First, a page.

Poor Jobs Report, but Prices Climb
Friday, October second, marked a big day for the U.S. stock market. Each of the three major indices went up by over 1 percent. It was a welcome relief for investors after days of poor market performances.
After three months of poor job reports, there are some serious concerns about what is going to happen to U.S. stocks. And even though there’s still bad news coming from this particular corner of the economy, there are plenty of good things that are offsetting it. For example, household incomes are going up. There are fewer new jobs, but individual families are earning more than they were a few months ago. September saw a sharp increase in this respect. As a result of having more buying power, certain sectors of the market are rebounding, too. Car sales are going up. This is good news as the automotive industry is a cornerstone of the U.S. economy.
In September, only 142,000 new jobs were created. It ended up being about 60,000 fewer than experts had predicted. Even though this would typically lead to a poor market performance, this did not happen on Friday. Part of the difference was because of the silver lining to the jobs report—other factors improved enough to show why people weren’t looking for new jobs. While jobs are a quick reference point, they are intended to be used to signify deeper things. If those markers are hit without new jobs being needed, this is even better.
Another reason why the market did well was because a simple correction was taking place. A lot of the recent poor stock performances were purely reactionary. Stock values are, at a fundamental level, much higher than recent prices would have suggested. If the law of efficient markets is correct, then it is only natural for them to gravitate toward what their true values are. If an overselling occurs, then prices will eventually go back up. This is a large part of what we are seeing now.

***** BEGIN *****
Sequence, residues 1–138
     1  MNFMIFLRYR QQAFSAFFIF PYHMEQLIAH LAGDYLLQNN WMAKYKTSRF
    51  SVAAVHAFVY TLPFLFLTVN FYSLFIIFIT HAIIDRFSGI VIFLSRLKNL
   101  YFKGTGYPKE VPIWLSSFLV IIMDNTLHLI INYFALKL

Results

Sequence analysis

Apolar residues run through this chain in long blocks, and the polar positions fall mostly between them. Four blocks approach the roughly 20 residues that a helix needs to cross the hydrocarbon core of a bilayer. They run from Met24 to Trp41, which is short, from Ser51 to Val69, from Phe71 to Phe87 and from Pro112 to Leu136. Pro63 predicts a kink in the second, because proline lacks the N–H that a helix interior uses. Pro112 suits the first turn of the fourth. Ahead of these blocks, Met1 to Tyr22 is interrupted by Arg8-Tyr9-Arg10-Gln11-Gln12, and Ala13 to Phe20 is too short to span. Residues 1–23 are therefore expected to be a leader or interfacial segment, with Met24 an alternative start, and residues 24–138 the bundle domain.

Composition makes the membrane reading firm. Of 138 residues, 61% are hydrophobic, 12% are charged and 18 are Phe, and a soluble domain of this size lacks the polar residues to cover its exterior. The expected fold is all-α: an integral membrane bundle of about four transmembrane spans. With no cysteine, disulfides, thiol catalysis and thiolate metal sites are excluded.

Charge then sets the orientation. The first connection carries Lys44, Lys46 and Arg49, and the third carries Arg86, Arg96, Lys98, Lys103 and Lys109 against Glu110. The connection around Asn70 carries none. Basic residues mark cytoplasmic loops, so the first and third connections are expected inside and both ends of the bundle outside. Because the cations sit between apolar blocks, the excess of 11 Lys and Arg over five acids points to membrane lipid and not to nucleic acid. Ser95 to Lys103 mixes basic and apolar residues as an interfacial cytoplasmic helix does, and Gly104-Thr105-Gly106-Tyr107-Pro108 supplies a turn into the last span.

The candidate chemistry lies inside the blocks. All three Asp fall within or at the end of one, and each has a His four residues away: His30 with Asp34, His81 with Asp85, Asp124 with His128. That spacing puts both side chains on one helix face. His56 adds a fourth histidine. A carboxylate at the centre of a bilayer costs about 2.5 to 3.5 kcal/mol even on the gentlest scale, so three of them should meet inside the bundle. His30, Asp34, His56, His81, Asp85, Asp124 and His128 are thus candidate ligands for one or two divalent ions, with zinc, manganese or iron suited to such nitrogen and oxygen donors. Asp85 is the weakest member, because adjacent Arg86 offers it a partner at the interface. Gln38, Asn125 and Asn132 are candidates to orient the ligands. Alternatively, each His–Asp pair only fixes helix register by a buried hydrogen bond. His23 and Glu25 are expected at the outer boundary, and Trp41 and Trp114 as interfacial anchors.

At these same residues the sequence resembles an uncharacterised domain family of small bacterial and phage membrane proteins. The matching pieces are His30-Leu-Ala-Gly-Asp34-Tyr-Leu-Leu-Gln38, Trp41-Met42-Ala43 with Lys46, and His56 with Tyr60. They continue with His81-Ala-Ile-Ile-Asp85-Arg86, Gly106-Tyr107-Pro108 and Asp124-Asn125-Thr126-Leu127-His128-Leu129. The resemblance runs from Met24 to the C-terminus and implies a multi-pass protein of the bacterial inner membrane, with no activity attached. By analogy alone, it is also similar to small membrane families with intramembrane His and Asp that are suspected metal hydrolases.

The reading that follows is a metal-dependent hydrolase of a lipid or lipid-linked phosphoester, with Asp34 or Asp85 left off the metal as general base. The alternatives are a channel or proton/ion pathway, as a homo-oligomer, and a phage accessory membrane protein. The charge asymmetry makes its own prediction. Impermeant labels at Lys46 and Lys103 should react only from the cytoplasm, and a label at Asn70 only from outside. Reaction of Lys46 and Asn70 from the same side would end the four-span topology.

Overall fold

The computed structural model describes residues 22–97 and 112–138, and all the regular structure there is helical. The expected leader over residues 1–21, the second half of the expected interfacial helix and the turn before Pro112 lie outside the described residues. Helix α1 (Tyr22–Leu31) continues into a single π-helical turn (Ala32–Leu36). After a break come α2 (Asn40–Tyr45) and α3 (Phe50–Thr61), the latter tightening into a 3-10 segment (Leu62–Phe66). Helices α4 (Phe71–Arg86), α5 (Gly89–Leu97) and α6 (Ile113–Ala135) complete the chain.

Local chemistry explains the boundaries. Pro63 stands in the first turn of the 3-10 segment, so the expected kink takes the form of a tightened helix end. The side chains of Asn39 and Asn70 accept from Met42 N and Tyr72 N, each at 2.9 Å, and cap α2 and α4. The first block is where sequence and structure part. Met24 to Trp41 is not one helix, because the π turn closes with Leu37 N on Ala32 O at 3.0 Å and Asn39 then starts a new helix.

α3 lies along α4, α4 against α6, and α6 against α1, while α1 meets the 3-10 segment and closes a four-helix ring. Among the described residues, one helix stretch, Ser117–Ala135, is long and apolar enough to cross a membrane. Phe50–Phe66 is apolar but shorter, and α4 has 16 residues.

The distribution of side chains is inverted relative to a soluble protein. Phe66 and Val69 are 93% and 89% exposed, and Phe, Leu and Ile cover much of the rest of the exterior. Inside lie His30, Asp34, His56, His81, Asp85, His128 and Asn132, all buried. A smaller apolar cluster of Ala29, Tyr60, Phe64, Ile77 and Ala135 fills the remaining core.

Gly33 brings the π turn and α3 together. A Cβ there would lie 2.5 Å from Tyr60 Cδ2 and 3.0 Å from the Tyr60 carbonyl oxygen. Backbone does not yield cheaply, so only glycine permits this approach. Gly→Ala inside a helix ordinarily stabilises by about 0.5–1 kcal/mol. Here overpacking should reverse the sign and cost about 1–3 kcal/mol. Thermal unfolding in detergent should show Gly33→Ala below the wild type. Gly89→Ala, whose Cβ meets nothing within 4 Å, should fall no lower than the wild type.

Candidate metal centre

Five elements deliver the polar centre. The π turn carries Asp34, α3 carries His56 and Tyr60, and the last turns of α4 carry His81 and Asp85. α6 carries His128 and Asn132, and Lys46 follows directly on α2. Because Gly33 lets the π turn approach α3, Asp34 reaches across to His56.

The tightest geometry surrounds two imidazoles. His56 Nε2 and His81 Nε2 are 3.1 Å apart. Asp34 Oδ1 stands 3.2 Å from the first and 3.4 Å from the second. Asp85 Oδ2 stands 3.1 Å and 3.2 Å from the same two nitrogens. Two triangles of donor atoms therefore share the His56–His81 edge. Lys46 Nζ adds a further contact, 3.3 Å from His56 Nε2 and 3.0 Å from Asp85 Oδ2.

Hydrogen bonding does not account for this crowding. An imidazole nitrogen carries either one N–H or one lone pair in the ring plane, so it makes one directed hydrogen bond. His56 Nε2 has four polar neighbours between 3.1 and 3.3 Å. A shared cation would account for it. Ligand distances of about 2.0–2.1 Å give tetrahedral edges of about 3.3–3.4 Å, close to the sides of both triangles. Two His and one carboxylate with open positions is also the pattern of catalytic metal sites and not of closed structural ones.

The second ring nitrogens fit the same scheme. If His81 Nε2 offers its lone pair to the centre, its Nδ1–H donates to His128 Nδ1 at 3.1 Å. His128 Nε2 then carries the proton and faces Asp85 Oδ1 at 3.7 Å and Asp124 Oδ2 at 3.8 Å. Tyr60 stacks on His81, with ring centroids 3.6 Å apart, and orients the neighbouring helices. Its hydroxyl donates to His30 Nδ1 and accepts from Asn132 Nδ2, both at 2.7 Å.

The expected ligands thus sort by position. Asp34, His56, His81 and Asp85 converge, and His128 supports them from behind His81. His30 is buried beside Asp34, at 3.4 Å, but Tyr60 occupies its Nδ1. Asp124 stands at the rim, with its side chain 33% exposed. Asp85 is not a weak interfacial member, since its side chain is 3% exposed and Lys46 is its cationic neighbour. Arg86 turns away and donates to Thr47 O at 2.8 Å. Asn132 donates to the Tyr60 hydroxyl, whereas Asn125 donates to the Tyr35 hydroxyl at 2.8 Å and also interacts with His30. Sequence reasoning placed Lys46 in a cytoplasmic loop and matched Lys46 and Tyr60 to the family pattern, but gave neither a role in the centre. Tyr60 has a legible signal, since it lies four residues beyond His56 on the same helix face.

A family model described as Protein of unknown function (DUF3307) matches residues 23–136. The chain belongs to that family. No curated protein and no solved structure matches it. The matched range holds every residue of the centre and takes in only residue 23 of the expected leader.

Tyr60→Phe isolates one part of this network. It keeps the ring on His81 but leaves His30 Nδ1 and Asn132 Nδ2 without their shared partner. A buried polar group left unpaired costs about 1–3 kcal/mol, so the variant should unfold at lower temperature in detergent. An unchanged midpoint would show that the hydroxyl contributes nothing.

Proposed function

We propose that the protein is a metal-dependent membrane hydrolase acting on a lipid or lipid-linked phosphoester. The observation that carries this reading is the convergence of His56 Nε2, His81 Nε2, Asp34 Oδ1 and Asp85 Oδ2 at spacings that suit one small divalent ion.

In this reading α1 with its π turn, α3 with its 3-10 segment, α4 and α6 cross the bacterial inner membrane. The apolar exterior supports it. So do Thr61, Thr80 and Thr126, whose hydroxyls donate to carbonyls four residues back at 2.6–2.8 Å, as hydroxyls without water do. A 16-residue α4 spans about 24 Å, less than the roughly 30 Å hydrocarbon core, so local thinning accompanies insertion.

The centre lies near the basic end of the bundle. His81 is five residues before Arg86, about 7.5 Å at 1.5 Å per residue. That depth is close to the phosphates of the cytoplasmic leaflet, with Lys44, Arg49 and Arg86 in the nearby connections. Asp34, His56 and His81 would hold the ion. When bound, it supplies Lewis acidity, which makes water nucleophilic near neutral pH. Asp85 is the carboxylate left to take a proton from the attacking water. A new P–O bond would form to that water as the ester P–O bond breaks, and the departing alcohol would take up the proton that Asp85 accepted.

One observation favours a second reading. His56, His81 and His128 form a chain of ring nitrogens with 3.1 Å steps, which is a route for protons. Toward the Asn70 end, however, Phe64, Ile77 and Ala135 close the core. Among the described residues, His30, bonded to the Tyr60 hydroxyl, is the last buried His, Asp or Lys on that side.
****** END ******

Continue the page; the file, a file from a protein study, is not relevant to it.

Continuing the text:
Short term traders need to pay attention to fundamental indicators for precisely this reason. Even if technical indicators say that something should happen doesn’t mean that it will if fundamentals win the day. So, if a stock like Apple has a true value of $125, but is trading at $110, it’s only a matter of time before it goes up. You can make short term profits off of the small dips that a stock will have, such as when Apple dropped down under $108 briefly on Friday, but if the true price is higher, then the move upward above $110 makes sense. And because many analysts believe that Apple will be at around $145 in a year’s time, then this makes even more sense, regardless of what minute by minute technicals are saying traders should do. This concept is true of day traders on any front, traditional stock market trading and binary options trading alike.
This is but one example within a huge marketplace. Also consider the fact that some stocks were buoyed even if they should not have been because of the general pull going on throughout U.S. companies. These stocks should be approached with caution and eventually shorted. Prices went up, and that means that some technicals will say that they should keep going up, but a weak stock will be illuminated by the fundamentals backing it. And because this momentum can push a stock’s price either way, it’s something you will definitely want to be aware of and check up on for each and every time you are trading a stock in some fashion, even if you are a day trader.